In the section on “DATA AVAILABILITY”, the authors further noted:

Our R (55) script that automatically creates backbone angle plots from the output of the DSSR program can be downloaded from the 3DNA forum at

I communicated with Markus Meier (the lead author) on the 3DNA Forum, on the thread DSSR: Analyzing NMR structures – overwritten output files. Checking the thread right now, I found that the R script (backbone_torsions_plot-1.0.tar.bz2) has been downloaded 263 times. I appreciate Markus’s effort in contributing the R script with a working example to the DSSR user community. It has always been my hope that more DSSR users would share their scripts and examples via the 3DNA Forum.

As a side note, I met Markus in Los Angles at the 60th Annual Meeting. It was a nice experience chatting with him, and had a lunch together. We’ve kept in touch following the meeting.



SNAP is cited in the DNAproDB paper

I recently came across an article titled DNAproDB: an interactive tool for structural analysis of DNA-protein complexes by Sagendorf et al. in Nucleic Acids Research (NAR). Notably, the DNAproDB tool allows users to search the underlying database by combining features of the DNA, protein, or DNA-protein interactions at the interface. Compared to the well-established NUCPLOT tool which generates only ‘static’ schematic diagrams of protein-nucleic acid interactions, DNAproDB is interactive and more user friendly, with many new features.

It was a pleasant surprise to notice that SNAP was cited in the DNAproDB NAR paper, as follows:

Nucleotide-residue interaction geometry (stacking, pseudo-pairing or other) is determined using SNAP, a new component of the 3DNA program suite (35). SNAP also serves as a fall-back for calculating hydrogen bonds if HBPLUS cannot process the file.

I am glad that SNAP has also been used for identifying H-bonds where HBPLUS fails. The H-bonding detection algorithm, initially implemented in 3DNA (v2.3 and before) and refined in DSSR/SNAP, was originally intended to make the 3DNA software fully independent of third-party tools. I did not expect this feature could one day compete with dedicated H-bond finding tools, such as HBPLUS.

By the way, 3DNA is also cited in the DNAproDB NAR paper, as below:

DNA base pairing, shape parameters and conformation are derived from the 3DNA program suite (29) with a 10.0 Å cut-off for helix breaking.



DSSR in the structural analysis of an E.coli initiator tRNAfMet A1-U72 variant

While browsing the latest issue (May 2017) of the RNA journal, I came across the paper titled The structure of an E. coli tRNAfMet A1–U72 variant shows an unusual conformation of the A1–U72 base pair by Monestier et al.. Reading through the text, I am pleasantly surprised by the two references to DSSR as shown below:

An analysis using DSSR (Lu et al. 2015) identifies all the secondary structure elements characteristic of the classical cloverleaf secondary structure as well as usual tertiary interactions that stabilize the L-shaped tertiary fold of the molecule.

As a consequence, the opening parameter (Lu et al. 2015) of the A1–U72 base pair becomes unusually high (153.42°). The NH2 group of A1 points toward the minor groove of the acceptor helix. An interaction between the N1 of A1 and the O2 of U72 (d = 3.0 Å) is observed which requires protonation of the N1 atom of A1.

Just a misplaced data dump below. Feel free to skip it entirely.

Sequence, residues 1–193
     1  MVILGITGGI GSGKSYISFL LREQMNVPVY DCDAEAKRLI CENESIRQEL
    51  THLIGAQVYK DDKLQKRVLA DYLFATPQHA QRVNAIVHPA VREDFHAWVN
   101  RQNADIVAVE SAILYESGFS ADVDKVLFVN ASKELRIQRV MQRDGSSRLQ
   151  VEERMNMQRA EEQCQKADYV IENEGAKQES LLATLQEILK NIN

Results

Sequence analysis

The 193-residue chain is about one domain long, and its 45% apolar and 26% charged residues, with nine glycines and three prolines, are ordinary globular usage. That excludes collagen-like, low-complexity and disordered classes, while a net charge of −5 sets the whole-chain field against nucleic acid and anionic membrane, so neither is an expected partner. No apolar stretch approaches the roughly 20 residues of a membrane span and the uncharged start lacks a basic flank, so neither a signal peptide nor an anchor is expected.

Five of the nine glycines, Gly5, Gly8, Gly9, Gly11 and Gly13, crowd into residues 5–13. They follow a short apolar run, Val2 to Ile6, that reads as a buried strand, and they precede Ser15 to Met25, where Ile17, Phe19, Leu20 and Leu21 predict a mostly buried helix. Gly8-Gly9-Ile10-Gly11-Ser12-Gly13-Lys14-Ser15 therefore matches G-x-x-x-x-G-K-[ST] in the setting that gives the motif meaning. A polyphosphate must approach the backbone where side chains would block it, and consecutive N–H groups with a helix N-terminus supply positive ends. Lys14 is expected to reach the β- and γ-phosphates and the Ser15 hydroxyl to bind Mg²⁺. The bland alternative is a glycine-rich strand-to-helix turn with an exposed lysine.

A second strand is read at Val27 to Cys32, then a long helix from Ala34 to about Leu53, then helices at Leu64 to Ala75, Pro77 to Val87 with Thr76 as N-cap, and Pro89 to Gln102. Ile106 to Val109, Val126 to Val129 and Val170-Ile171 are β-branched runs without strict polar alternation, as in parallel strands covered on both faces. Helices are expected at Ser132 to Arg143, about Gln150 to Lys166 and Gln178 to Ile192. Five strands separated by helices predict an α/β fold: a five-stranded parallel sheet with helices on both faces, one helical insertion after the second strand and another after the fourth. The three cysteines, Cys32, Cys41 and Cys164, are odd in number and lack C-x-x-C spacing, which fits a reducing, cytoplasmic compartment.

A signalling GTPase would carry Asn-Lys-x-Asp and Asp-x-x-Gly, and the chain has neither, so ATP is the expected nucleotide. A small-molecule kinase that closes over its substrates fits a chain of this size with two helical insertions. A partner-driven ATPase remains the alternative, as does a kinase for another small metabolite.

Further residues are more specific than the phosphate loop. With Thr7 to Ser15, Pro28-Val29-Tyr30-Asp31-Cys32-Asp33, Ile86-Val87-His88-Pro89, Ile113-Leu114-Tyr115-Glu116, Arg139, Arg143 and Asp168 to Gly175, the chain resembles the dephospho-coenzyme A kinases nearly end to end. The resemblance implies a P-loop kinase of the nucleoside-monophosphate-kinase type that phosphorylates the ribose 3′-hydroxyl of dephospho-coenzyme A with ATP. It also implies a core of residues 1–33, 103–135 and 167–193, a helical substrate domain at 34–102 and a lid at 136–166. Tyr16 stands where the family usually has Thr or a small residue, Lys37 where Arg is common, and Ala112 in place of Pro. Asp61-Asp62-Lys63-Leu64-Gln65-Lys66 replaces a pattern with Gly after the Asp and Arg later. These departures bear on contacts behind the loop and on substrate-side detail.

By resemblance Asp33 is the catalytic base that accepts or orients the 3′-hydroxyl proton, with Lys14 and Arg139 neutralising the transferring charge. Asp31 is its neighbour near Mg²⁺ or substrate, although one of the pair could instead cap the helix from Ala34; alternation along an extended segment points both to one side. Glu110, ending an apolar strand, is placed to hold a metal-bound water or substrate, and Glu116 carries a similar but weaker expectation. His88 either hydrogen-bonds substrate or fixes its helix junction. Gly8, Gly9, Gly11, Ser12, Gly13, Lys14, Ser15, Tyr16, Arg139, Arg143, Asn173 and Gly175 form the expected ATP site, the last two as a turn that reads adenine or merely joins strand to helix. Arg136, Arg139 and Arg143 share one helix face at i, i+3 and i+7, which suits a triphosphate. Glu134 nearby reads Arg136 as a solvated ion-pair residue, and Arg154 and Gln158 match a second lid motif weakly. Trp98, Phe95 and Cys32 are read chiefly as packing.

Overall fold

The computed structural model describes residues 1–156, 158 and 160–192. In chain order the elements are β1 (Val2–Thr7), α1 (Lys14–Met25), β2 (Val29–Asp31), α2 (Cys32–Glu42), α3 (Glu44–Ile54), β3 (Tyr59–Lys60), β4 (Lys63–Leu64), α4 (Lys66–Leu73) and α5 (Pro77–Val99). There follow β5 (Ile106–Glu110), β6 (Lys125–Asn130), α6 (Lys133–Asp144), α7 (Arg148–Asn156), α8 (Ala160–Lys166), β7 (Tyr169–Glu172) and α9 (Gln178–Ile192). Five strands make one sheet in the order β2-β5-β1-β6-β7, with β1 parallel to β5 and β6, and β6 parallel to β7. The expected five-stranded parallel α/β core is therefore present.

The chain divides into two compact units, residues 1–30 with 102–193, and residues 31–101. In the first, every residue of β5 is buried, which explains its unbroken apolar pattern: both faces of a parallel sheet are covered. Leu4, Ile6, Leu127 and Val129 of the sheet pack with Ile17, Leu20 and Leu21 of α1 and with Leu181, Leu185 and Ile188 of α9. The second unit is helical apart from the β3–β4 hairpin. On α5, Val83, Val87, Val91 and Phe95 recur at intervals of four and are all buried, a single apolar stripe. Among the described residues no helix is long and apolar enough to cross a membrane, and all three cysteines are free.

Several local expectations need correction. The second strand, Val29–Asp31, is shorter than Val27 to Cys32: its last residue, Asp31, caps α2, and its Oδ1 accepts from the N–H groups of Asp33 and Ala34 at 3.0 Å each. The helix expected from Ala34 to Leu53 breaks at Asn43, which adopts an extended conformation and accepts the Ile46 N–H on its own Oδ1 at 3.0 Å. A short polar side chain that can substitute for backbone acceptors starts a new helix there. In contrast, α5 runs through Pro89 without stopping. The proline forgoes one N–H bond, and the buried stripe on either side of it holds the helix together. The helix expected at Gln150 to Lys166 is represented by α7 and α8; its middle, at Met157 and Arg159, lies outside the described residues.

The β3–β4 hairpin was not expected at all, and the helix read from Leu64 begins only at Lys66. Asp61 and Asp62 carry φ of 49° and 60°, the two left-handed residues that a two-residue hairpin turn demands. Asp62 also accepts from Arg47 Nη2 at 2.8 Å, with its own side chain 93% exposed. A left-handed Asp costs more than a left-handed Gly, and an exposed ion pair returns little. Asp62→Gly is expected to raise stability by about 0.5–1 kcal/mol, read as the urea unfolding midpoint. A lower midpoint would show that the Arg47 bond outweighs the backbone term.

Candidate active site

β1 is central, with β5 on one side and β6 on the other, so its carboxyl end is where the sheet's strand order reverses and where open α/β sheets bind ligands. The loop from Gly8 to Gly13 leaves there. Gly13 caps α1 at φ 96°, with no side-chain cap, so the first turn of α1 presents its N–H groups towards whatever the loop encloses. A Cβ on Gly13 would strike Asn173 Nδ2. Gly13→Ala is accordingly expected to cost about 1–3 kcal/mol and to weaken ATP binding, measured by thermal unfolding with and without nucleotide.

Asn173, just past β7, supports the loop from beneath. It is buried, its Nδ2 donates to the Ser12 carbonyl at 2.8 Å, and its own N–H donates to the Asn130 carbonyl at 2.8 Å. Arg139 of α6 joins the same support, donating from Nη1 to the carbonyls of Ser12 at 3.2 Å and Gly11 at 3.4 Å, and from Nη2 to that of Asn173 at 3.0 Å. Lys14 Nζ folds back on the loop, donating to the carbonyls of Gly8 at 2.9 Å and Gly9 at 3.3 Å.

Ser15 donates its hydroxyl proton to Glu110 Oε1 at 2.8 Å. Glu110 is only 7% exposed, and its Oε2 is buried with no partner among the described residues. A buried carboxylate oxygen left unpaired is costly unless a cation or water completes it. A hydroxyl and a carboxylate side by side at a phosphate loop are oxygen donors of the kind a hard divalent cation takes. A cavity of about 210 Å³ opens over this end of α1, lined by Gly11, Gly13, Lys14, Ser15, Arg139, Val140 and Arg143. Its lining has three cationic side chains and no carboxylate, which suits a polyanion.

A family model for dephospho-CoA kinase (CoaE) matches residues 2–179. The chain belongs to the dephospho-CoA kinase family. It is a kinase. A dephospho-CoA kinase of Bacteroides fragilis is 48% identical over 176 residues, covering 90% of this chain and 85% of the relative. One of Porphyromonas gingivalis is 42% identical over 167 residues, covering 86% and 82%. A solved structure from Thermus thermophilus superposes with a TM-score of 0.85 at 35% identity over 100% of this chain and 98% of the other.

The PDB id for the deposited structure is 5l4o. Running DSSR on this structure is straightforward: x3dna-dssr -i=5l4o.pdb --more. As with the classic yeast phenylalanine tRNA (PDB id: 1ehz), DSSR identifies two helices, three hairpin loops, one [2,1,5,0] four-way junction loop, among other features.

With regard to the unusual A1-U72 pair highlighted in the title of the paper, DSSR provides the following information. Note the * in the unconventional N1*O2 H-bond.

   1 A.A1           A.U72          A+U --          n/a       tWW  tW+W
       [-14.4(...) ~C3'-endo lambda=32.9] [-172.4(anti) ~C3'-endo lambda=65.0]
       d(C1'-C1')=10.80 d(N1-N9)=9.19 d(C6-C8)=10.68 tor(C1'-N1-N9-C1')=173.6
       H-bonds[1]: "N1*O2(carbonyl)[2.99]"
       interBase-angle=6  Simple-bpParams: Shear=3.53 Stretch=1.71 Buckle=2.0 Propeller=-6.0
       bp-pars: [-0.32   3.91    0.01    6.32    -0.26   153.56]

This citation is yet another example of DSSR’s adoption by experimental biologists. I can only expect to see more such type of DSSR usages in the coming years.



DSSR is used in the URS DataBase

Recently, I came across the article URS DataBase: universe of RNA structures and their motifs by Baulin et al. in Database, an online journal of biological databases and curation. I am glad to see that DSSR is used in the URSDB, as quoted below.

In the “Input data” subsection of “Materials and methods”:

RNA-containing structures were extracted from the PDB in mmCIF format; each file was divided into models. The base pairs (both canonical and non-canonical) and dinucleotide steps were annotated using the DSSR program from 3DNA toolkit (26). We also exploited detailed information provided by DSSR on given elements such as geometric parameters, types according to different classifications and various details on base conformations.

Moreover, under “Future development”, the authors said:

We plan to perform a comparative analysis of programs that annotate base pairs in RNA-containing PDB files. We will consider the four most popular programs, FR3D (35), MC-Annotate (36), RNAView (37) and DSSR (26). According to the analysis the annotation of the base pairs will be refined. In addition, we plan to include in the database annotations of base-phosphate, base-ribose and base stacking contacts and to implement search of such data.

It is gratifying to see DSSR listed as one of “the four most popular programs” for annotating RNA base pairs. It’d also be interesting to see how DSSR compares with FR3D, MC-Annotate, and RNAView from the user’s perspective.